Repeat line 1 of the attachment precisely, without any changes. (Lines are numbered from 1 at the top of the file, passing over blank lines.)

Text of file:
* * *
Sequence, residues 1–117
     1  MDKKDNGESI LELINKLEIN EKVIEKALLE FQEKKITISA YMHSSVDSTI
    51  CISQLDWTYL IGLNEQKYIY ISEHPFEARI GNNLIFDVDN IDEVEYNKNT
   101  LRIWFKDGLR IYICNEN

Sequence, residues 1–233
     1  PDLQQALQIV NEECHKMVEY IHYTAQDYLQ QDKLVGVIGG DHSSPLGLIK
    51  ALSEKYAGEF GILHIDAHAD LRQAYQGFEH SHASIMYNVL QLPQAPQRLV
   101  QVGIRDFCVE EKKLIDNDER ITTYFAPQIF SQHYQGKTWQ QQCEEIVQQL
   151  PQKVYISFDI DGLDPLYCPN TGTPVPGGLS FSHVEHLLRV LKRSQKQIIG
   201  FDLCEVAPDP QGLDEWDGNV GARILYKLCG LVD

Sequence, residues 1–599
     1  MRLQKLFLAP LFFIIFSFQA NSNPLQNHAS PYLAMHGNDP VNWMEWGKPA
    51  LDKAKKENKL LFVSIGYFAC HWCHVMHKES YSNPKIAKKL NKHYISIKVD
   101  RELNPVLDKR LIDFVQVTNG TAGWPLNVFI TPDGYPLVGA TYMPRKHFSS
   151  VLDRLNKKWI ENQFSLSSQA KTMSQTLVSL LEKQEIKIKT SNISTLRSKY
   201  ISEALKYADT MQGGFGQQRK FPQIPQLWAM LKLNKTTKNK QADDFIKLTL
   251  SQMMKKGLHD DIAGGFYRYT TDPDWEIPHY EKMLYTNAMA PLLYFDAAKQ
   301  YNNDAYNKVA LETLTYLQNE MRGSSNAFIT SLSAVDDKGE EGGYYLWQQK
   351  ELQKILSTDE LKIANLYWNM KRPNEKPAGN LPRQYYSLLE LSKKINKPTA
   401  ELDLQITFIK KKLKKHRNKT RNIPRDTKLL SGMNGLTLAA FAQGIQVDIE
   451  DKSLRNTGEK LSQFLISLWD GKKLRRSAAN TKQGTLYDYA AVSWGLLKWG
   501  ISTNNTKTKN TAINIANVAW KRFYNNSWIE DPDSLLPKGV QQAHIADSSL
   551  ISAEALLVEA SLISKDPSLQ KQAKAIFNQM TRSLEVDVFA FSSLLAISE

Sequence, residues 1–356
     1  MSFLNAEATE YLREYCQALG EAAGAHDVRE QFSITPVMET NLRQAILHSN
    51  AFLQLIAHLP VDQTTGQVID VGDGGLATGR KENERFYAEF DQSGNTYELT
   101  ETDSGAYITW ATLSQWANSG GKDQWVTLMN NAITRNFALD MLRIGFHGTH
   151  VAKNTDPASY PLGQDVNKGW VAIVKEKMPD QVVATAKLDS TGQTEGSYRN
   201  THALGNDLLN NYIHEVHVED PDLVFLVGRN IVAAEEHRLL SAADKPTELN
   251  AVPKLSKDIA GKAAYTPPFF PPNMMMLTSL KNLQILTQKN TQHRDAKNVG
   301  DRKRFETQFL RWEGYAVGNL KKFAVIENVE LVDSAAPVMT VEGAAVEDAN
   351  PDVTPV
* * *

Sequence, residues 1–117